The Presiding Bishop has officially informed the Diocese of Northern Michigan that she has not received consent from a majority of the Standing Committees of the church to the ordination and consecration of the Rev'd Kevin G. Thew Forrester as bishop, and therefore the election is null and void (you can read it here).
Much reaction - prior to the PB's statement as well as now - has decried a conservative campaign against the bishop-elect, a resistance to creativity and innovation and change, and an unwillingness to countenance any new ways to imagine the episcopate (such as the proposed team approach in N. Michigan) - all fueled by the malevolent pressures of blogs and internet.
As a member of a Standing Committee that withheld consent, I have long wanted to say those things are all no doubt true - AND, there have also been thoughtful, reasonable people (enough, in fact, to constitute a majority of the 110 Standing Committees of the Episcopal Church) who examined the evidence, read the bishop-elect's sermons and writings and liturgical creations, studied the materials from the diocese, and concluded that his theological positions and liturgical changes were beyond what one would look for from a bishop of the Church. Yes, the Episcopal Church does have standards.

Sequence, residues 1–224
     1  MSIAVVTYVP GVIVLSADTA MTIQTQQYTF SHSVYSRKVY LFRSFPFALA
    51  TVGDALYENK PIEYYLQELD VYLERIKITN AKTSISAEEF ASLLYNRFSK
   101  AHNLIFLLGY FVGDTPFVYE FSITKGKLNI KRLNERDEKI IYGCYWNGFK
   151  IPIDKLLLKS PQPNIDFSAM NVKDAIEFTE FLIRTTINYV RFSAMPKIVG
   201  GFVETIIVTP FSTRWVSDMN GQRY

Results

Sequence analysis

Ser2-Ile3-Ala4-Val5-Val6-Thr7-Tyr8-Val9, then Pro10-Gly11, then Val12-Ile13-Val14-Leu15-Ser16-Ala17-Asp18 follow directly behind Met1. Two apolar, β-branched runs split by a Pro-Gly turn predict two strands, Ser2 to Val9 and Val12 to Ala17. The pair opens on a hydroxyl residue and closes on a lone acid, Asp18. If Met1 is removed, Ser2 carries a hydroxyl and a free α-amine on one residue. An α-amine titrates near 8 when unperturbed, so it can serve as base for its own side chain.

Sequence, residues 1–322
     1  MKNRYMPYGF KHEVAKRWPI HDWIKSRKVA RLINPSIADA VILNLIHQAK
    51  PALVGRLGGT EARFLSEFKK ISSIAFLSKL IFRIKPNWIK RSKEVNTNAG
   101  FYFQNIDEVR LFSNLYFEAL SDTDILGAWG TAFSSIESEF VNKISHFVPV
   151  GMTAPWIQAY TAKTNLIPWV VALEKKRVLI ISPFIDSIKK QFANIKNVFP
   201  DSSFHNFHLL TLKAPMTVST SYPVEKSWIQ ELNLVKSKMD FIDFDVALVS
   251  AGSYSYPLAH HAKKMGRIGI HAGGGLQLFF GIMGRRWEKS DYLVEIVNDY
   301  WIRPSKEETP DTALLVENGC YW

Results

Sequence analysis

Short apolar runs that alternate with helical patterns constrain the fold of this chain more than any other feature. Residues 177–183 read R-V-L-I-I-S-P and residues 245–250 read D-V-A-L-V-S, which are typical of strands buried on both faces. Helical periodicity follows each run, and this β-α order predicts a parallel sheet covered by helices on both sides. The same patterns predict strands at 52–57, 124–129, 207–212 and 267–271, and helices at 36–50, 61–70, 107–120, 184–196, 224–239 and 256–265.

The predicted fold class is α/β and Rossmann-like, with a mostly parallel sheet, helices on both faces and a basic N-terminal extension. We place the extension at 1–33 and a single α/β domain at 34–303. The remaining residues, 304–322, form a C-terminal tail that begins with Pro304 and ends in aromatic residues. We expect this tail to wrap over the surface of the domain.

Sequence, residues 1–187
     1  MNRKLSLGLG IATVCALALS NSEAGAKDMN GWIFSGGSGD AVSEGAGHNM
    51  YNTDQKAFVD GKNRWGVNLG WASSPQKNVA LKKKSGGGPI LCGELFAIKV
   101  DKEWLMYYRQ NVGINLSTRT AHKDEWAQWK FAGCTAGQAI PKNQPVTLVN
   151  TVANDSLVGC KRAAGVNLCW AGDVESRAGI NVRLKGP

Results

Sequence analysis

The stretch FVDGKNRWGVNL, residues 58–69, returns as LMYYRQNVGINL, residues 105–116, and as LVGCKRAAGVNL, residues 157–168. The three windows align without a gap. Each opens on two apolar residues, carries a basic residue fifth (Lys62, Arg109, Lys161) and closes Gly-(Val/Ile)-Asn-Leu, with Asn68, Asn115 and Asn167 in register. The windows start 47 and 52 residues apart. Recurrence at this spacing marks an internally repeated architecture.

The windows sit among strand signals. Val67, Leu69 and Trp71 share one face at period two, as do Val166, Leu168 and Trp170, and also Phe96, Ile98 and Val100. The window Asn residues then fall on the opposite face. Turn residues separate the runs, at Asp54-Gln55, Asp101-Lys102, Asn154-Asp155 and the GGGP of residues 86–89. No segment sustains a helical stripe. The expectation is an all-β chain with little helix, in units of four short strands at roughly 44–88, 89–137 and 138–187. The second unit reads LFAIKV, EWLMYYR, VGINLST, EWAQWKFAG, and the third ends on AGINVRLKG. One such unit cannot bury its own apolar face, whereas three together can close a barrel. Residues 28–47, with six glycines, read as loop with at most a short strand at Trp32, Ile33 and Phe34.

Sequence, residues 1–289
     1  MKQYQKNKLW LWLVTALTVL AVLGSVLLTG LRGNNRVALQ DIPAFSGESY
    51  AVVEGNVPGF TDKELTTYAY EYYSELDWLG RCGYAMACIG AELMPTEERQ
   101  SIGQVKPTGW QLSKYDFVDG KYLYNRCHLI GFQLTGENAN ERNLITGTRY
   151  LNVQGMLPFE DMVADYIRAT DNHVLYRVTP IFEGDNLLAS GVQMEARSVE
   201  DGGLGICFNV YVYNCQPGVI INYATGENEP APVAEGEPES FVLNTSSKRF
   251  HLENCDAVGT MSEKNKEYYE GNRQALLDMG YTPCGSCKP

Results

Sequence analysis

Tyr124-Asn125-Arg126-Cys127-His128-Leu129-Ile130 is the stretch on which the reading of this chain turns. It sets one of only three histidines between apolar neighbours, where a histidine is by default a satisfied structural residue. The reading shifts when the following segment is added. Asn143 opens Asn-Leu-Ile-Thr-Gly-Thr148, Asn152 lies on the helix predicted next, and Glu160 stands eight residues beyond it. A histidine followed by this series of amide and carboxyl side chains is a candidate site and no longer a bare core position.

Either the elected lay and clergy leaders (in the form of the Standing Committees) of the church are nastily reactionary (the recent General Convention would seem to suggest otherwise), or they are so clueless as to have been led around by the nose by those terrible bloggers -- or perhaps the process of review and consent can be entered into carefully and faithfully and will sometimes - very rarely - produce a "no", even when that is disappointing and difficult for a diocese and its bishop-elect.
Tangled Up in Blue: Politics, slacktivism, and discipleship - This is the fourth post in a series on resolutions for General Convention 2015. See also the index of resolutions and the list of resources related to #GC7...
7 hours ago